USC Outlasts Arizona in Quadruple Overtime
The Trojans take down the No. 7 Wildcats
The Galen Center was loud. The lower bowl was nearly full, the rarely used top bowl was populated by fans who were living and dying with every possession. The crowd stood at the behest of the game that was playing out in front of them.
They had come because, whether by word of mouth or their own experience, they were aware that USC had a team worth watching. They had come to see if this was an overestimation of a fortunate run or an actual thing that was happening.
It took not one, not two, not three but four overtimes for them to get an answer, as USC was able to resiliently survive their way to 103–101 upset of No. 7 Arizona in a marathon of a game.
But the length of the game mattered not, both because the game delivered in entertainment from start to finish and because the result gave those in attendance a reason to celebrate once the buzzer finally signaled not the next overtime, but the end.
“That was a great basketball game,” said coach Andy Enfield afterward. “There was tremendous resiliency on our players’ part to battle…”
Despite being down eight points in the early going, despite losing a twelve-point lead in the second half and despite playing what was essentially a game and a half, the Trojans were able to endure both the Wildcats’ defense and their own waning stamina in order to find a positive result amid the madness that was this contest.
A result, that is, that materialized into a statement and a victory that provided the signature win this team had been searching for—a validation of their status as a contender in the deep Pac-12.
To those that attended the Galen Center on Saturday night for an event that went a little longer than expected, it was a showcase of what this team is. To the players and coaches inside that locker room, it was a sign of what this team has become.
“Last year, we lost by 30 to [Arizona],” said Enfield after the game. “We’re a much better basketball team than last year.”
Not just better, but also more confident. Last year, this team lacked assertiveness. Now, they have a confidence that exudes them from the huddle to the court.
“We were all saying we know were going to win this game,” said point guard Jordan McLaughlin. “We just didnt know what overtime it would be in.”
The confidence shown by that message was nowhere to be found last season, where poor play and frustration were more apt themes for a team that only had three conference wins all season. And, as much as this team wants to turn the page on their rough past, it works as a telling lesson of how much they have improved.
Overtime after overtime, the hope of a win was never lost. Drive after drive to the hoop by Julian Jacobs, Bennie Boatwright or Elijah Stewart, the belief that they could and would come out victorious on the other side remained.
“We just stayed together,” said Stewart.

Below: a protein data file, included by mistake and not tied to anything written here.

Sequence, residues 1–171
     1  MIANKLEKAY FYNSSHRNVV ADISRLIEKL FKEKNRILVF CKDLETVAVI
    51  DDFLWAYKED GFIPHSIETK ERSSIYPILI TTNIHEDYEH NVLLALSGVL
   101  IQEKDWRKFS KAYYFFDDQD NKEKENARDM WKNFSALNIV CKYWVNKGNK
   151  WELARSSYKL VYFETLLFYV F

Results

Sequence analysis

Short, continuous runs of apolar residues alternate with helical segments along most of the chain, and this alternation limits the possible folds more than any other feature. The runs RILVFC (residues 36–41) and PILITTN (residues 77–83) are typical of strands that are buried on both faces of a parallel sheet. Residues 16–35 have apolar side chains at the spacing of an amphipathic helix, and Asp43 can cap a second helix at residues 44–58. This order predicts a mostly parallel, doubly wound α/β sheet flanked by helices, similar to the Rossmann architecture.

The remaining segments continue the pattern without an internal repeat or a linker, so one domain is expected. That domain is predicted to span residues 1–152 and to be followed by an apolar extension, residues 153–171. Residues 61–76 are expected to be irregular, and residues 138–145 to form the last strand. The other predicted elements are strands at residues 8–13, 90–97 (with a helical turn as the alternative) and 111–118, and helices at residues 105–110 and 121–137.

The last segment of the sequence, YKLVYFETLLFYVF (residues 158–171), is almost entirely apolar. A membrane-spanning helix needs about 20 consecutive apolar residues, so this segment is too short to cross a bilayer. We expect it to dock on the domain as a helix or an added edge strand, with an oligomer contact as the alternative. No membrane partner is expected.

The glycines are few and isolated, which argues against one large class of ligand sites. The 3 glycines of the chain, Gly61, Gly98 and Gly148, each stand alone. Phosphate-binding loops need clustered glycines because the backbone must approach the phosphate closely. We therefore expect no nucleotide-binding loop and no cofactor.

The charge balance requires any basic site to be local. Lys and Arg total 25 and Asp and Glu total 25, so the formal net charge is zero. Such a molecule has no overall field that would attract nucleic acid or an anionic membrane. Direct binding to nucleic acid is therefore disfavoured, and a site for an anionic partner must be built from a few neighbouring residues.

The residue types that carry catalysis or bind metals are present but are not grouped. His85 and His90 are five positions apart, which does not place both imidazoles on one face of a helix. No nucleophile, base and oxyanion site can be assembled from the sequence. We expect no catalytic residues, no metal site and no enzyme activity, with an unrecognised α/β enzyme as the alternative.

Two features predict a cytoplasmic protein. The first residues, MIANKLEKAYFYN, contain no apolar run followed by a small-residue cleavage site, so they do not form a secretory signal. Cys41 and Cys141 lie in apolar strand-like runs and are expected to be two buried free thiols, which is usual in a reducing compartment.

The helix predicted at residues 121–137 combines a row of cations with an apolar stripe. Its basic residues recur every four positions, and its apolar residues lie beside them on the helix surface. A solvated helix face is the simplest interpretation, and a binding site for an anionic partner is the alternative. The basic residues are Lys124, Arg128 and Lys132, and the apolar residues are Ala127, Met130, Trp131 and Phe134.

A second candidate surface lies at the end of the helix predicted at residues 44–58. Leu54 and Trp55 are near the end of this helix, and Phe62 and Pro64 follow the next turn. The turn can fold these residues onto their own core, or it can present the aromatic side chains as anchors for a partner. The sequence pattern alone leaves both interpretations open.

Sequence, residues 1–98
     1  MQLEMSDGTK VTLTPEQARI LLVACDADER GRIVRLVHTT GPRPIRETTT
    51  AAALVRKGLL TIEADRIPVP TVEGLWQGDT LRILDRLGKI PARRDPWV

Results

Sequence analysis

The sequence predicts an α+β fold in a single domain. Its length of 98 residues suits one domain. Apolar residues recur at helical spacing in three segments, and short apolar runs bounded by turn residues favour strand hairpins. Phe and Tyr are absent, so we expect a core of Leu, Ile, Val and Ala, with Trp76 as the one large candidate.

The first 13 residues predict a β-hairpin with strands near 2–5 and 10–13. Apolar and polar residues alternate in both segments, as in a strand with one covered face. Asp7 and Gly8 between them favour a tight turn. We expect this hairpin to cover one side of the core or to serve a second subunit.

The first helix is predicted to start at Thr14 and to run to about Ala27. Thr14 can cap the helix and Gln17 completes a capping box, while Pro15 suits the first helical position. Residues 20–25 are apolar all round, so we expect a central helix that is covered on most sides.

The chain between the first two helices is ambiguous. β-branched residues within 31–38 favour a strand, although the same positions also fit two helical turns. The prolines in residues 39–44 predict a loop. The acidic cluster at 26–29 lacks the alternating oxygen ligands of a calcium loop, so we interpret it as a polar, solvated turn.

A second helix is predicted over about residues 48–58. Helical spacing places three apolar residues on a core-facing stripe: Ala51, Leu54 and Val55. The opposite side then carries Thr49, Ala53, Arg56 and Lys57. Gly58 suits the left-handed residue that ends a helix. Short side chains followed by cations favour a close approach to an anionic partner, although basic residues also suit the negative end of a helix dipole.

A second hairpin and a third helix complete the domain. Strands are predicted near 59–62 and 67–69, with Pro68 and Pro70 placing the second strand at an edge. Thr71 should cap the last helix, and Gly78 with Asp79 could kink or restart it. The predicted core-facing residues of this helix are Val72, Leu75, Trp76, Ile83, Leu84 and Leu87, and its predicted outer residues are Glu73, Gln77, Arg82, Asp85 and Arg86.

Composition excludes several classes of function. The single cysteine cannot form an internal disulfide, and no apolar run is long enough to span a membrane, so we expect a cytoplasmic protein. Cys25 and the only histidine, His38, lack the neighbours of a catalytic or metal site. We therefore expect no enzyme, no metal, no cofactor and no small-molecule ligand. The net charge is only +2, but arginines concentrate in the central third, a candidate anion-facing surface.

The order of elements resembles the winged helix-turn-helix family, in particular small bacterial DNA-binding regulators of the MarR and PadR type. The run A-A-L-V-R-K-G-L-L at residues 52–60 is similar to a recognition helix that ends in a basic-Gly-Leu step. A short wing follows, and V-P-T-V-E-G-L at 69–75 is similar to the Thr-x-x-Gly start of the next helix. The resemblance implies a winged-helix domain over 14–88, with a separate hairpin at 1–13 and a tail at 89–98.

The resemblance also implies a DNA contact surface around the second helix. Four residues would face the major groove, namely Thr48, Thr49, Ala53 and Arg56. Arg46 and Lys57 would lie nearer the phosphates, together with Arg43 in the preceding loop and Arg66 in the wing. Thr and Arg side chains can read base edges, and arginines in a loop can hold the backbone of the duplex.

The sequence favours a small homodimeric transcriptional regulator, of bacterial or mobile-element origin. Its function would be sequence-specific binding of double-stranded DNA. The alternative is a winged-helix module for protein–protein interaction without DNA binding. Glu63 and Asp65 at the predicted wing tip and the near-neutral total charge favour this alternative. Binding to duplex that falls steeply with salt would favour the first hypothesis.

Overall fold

Prior to the season, there was an urgency, a harsh critique waiting for head coach Andy Enfield if results were not produced. After plenty of loud dunks, cohesive play and most importantly, wins to their name, the criticism of the program and the indictments of Enfield have subsided, and instead turned into appraisals of what the former FGCU coach has been able to do with this spry Trojan squad.
No win under Enfield has been bigger than this one, and in that same vein, no performance has been more representative of the transformation this program has undergone.
The transformation is visible in Stewart tying his career-high with 27 points, It’s visible in Jacobs posting 18 points, nine assists, seven rebounds and six steals after playing 53 minutes on an injured ankle. It’s visible in Boatwright playing like a veteran both in the paint and behind the arc. It’s visible in Enfield saying that going to freshman Chimezie Metu down the stretch was key for rim protection. It’s visible in this team’s stamina, a product they all credit to their offseason work with their strength and conditioning coach.
Most of all, it’s visible in the camaraderie that pervades this roster from the starters to the end of the bench. It’s how they’ve been able to balance a joy for playing the game with their growing in maturity and mental toughness.
“It’s the same players, but they’ve grown up.” — Andy Enfield
Yet if this is growing up, it’s doing it spurts and in jumps no one foresaw. Wins over both Arizona schools now have USC near the top of the Pac-12. At 3–1, they now head to UCLA where McLaughlin’s claim of the win over Arizona being their biggest could be tested. After all, the Bruins also beat both Arizona schools this weekend as well.
USC isn’t just a program rebuilding anymore, it’s no longer looking for an identity or attempting to find moral victories. They have surpassed the stage of awareness and just accomplished recognition. Where they’ll head to the next is still up in the air, but the ceiling is as high as it has ever been.